Hurricane Harvey is expected to dump more than $100 billion in federal spending on the government’s response to the disaster, according to a report released Monday by the House Budget Committee.
The federal government is paying more than 80 percent of the costs for disaster relief efforts, including food, water and other essentials.
The report found that the Trump administration has spent $3.4 billion on relief, while the Obama administration spent $1.4 trillion, including more than a billion on the National Flood Insurance Program, or NFIP.
That’s a higher share than President Donald Trump’s administration, which has spent more than the other parties combined.
“In terms of FEMA, we’ve had a very high level of activity,” said Rep. Mark Meadows, R-N.C., chairman of the conservative House Freedom Caucus.
“The federal government has not had any downtime and the resources have been spent.
The question is whether that will translate into the dollars being used for those needs.”
The report said that federal agencies have already spent more on disaster relief than they will receive from FEMA during the entire fiscal year ending Sept. 30.
That means that, despite the Trump government’s record spending, the U:S.
could still pay for more than half of the cost of relief.
“This administration has repeatedly said that we can pay for all of our expenses through our own resources, but they have not done that,” Meadows said.
“They have put the nation at a disadvantage because they are spending less on FEMA than they would have in a normal, normal year.”
The Trump administration’s spending for hurricane relief has not been limited to FEMA.
The Department of Homeland Security, which oversees border security, has spent an estimated $9.3 billion to help with recovery and housing assistance and the National Guard.
The government also is spending $8.6 billion on recovery, including $3 billion on food, shelter and other necessities.
But Meadows said he believes the federal government should not be using the resources to pay for its own costs.
“It is important to note that FEMA has already spent about 85 percent of what the Department of Defense has spent on Hurricane Harvey relief,” he said.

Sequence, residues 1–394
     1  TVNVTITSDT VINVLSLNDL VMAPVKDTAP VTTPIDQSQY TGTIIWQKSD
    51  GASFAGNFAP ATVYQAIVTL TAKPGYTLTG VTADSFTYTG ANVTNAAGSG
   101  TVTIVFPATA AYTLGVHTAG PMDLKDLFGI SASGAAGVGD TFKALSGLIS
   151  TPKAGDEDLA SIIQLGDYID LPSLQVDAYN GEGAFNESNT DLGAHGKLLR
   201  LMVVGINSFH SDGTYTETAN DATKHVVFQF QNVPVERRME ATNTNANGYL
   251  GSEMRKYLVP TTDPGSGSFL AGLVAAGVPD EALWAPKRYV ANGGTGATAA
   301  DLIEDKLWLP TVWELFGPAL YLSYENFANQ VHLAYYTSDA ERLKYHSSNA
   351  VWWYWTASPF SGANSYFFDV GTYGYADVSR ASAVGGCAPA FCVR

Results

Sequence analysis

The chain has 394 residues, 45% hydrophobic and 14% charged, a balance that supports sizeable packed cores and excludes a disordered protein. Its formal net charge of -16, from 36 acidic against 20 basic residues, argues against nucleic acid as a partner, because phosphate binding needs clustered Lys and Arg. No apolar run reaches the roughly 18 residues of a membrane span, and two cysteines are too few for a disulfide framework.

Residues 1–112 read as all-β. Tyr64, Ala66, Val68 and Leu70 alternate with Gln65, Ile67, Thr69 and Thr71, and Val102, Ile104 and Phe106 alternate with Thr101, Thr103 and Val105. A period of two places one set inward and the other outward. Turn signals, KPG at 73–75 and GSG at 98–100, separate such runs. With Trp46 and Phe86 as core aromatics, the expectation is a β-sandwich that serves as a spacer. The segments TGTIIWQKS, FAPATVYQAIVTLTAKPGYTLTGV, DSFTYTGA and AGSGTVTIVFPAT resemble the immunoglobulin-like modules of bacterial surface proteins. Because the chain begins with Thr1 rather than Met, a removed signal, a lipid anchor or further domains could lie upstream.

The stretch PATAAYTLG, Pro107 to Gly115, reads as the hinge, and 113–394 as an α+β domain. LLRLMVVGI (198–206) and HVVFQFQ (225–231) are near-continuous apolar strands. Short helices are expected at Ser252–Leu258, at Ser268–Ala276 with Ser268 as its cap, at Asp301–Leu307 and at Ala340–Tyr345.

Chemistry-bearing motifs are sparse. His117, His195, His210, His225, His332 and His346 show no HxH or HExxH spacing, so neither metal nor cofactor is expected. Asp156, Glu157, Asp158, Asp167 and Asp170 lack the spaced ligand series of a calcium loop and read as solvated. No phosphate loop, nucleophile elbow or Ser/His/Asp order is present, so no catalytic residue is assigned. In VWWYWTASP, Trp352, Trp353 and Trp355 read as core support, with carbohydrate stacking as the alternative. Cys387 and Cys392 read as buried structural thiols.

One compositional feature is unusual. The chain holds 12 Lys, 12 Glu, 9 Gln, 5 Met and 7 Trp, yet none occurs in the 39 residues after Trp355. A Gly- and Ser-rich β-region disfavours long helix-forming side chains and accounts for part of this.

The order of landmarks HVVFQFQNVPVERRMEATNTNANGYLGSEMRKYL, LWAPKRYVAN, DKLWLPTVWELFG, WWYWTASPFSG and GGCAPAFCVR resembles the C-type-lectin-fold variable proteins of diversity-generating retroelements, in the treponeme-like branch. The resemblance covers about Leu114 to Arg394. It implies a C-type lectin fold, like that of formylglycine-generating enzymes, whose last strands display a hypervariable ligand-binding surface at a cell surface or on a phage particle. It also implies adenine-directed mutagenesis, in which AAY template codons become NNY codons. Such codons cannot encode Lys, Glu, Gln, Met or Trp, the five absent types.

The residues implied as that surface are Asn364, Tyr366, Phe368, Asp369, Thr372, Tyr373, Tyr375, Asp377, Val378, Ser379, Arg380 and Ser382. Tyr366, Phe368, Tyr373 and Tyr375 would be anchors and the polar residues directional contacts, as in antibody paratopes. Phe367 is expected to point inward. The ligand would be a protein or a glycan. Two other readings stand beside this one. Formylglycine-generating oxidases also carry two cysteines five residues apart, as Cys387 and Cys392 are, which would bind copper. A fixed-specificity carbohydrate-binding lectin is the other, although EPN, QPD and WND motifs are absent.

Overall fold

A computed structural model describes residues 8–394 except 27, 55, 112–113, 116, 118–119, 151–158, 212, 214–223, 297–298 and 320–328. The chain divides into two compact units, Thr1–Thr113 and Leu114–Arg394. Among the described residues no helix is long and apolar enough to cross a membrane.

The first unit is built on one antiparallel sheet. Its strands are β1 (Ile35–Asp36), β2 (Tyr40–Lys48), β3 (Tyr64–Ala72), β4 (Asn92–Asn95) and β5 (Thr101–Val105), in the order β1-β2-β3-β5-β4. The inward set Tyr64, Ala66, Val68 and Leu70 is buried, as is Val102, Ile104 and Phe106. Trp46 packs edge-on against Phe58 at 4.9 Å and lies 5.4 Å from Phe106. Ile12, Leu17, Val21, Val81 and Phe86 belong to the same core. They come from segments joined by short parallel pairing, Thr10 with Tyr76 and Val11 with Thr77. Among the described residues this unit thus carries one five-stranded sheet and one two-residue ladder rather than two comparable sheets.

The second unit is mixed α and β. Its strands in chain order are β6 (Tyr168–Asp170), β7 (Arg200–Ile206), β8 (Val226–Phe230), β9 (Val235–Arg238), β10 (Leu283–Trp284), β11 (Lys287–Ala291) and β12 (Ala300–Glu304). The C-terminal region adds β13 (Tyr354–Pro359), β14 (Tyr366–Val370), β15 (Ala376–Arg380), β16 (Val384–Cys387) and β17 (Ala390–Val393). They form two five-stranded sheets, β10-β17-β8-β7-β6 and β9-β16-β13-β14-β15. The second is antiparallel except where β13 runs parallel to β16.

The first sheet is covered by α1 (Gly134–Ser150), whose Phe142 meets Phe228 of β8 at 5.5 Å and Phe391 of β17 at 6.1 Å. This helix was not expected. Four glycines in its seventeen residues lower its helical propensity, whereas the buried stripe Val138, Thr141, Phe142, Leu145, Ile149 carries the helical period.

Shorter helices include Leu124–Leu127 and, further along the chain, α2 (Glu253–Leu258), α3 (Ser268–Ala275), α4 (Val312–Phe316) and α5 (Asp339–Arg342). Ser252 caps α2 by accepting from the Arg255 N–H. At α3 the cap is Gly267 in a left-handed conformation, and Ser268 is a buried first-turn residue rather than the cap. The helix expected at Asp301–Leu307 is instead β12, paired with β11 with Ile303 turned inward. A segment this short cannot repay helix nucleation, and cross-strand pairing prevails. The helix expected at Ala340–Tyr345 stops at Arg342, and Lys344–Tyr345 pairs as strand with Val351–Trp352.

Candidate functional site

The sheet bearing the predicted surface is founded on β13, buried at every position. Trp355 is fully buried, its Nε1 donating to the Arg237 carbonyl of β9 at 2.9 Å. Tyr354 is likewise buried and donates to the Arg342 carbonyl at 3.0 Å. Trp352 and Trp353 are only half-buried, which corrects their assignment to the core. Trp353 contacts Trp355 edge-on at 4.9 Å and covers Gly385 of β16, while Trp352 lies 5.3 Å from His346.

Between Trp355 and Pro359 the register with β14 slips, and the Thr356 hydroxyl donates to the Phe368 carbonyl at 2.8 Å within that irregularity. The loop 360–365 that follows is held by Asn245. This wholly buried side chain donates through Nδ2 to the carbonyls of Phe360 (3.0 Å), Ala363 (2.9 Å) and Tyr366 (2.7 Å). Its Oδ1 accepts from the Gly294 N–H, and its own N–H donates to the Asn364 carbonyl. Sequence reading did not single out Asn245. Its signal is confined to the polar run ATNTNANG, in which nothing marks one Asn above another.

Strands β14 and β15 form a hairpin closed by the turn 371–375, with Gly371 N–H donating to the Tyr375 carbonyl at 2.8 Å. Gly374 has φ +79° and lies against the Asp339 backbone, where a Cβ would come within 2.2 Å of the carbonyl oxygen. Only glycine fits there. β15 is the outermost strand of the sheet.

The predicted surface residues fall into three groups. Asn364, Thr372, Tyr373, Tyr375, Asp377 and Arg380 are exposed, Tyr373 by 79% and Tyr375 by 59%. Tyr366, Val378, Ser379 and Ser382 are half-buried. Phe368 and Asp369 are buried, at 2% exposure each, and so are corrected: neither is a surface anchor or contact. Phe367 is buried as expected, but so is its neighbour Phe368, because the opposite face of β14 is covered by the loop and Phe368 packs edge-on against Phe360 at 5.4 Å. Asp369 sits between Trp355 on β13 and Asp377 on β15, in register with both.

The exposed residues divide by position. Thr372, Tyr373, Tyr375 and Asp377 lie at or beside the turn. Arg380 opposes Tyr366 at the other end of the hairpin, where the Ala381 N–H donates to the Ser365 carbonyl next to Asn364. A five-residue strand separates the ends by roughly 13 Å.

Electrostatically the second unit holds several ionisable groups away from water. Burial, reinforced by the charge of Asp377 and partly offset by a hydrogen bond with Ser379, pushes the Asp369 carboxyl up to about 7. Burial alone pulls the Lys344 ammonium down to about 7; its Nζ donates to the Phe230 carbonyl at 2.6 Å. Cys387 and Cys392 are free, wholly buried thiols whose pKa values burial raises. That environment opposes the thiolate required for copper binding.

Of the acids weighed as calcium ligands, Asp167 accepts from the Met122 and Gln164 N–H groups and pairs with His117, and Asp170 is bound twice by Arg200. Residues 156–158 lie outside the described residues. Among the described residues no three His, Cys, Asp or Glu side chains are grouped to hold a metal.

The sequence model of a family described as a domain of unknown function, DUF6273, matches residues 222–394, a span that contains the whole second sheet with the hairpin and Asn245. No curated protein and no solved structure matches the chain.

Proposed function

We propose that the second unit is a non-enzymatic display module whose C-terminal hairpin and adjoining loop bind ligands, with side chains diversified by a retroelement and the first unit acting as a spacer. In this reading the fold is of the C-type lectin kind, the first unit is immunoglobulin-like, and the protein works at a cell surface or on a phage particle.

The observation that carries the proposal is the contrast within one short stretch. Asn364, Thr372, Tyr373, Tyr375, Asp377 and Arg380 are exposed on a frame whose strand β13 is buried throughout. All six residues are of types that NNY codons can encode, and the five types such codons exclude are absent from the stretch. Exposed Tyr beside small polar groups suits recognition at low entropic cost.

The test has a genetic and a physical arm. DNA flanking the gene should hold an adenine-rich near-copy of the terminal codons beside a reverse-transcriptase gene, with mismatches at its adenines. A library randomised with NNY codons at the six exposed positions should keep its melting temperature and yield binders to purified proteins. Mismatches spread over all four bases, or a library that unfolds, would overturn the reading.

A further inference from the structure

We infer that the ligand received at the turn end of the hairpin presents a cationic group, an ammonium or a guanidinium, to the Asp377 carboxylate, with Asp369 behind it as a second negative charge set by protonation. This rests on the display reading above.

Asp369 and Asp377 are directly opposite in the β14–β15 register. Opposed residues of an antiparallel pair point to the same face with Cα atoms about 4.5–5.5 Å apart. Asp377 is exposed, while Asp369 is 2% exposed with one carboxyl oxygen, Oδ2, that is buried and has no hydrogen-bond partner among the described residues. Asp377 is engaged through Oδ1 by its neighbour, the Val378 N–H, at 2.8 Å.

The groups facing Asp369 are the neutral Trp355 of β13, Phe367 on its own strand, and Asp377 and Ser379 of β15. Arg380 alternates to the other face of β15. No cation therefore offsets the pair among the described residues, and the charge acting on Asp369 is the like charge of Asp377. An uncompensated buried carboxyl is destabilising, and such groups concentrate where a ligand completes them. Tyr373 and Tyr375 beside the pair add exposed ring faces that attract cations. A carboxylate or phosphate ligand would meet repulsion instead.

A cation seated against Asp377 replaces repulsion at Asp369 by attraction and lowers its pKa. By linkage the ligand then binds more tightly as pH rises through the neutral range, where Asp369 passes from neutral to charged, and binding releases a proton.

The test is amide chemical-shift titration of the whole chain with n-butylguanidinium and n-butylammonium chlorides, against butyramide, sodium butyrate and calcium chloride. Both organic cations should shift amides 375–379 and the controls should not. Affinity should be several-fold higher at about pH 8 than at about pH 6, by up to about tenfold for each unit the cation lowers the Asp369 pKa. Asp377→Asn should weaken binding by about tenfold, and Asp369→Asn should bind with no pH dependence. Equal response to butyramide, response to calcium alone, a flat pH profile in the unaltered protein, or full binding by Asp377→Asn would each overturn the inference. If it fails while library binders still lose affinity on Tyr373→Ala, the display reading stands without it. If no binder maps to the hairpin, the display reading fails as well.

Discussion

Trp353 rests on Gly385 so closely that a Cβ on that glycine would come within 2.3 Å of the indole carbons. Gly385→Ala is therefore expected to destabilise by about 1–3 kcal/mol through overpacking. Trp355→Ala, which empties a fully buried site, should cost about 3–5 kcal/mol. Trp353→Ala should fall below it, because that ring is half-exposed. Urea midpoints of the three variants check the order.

He said he expects that percentage to continue to grow.
The House Budget report said the $7.2 billion spent by the Trump Administration on Hurricane Relief and Emergency Assistance for Hurricane Katrina in 2008 was more than any other government agency.
It also noted that $5.5 billion was spent by Congress in fiscal year 2018 to pay its own expenses for disaster response.
“As we head into 2018, Congress will be confronted with yet another budget showdown,” Meadows told The Associated Press.
“Congress must ensure that we fully fund our emergency assistance needs and ensure that all our federal agencies continue to receive adequate funding to help meet our recovery needs.”
House Budget Chairman Diane Black, R, Tennessee, has been pushing for Congress to approve a measure that would provide a larger share of the federal budget for FEMA relief and related spending.
She is also pushing for more funding for the National Disaster Relief Fund, which is the federal money that is used to pay bills that help pay for relief.
Black said the federal share of FEMA should not fall below 50 percent.
She said FEMA is already spending about $500 million per year.
But the House bill includes $1 billion for FEMA to hire more workers.
Rep. Peter Roskam, R., Illinois, has proposed a separate bill that would extend disaster relief payments through 2019.
The bill, which passed the House on Tuesday, would provide additional funding to pay relief for at least 30 days.
But Black said it was too early to see the impact of the proposal because it would need to pass both chambers of Congress before being considered by the full House.
She also said that the White House has asked her office not to include the bill in a continuing resolution, which Congress can pass to keep the government funded.
Dave Reichert, R.W., and Jim Jordan, R.-Ohio, are proposing a bill that includes a $1 trillion boost for FEMA’s operations.
It would also provide a $100 million credit to state and local governments for relief efforts.
The legislation would also extend emergency relief for 1.5 million homes in Puerto Rico.
It was included in a $6.1 trillion spending plan that was passed last week by the Senate, but the House has yet to vote on it.
Rep.(R-Wash.) said he supports the bill because it is bipartisan and is consistent with the administration’s request to Congress.
“I believe that this bill is a reasonable way to ensure that the federal Government will be able to provide all the support it needs,” he told the AP.
But he also said it will take years for the money to be used and said that it would be “impractical” to use FEMA’s money for the long term.
“That means, the money has to be